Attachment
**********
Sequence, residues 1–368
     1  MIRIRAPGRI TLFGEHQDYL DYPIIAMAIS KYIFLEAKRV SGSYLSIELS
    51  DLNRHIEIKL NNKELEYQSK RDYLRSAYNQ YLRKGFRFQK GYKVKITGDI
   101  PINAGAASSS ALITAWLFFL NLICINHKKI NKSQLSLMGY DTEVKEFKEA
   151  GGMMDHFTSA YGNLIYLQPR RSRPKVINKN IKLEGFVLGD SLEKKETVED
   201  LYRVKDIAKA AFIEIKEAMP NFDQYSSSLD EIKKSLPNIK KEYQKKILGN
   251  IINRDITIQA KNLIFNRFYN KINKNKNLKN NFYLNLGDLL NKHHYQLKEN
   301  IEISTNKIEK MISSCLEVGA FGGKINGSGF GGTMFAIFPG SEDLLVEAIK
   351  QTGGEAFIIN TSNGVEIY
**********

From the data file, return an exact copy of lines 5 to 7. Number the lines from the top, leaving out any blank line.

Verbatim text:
   151  GGMMDHFTSA YGNLIYLQPR RSRPKVINKN IKLEGFVLGD SLEKKETVED
   201  LYRVKDIAKA AFIEIKEAMP NFDQYSSSLD EIKKSLPNIK KEYQKKILGN
   251  IINRDITIQA KNLIFNRFYN KINKNKNLKN NFYLNLGDLL NKHHYQLKEN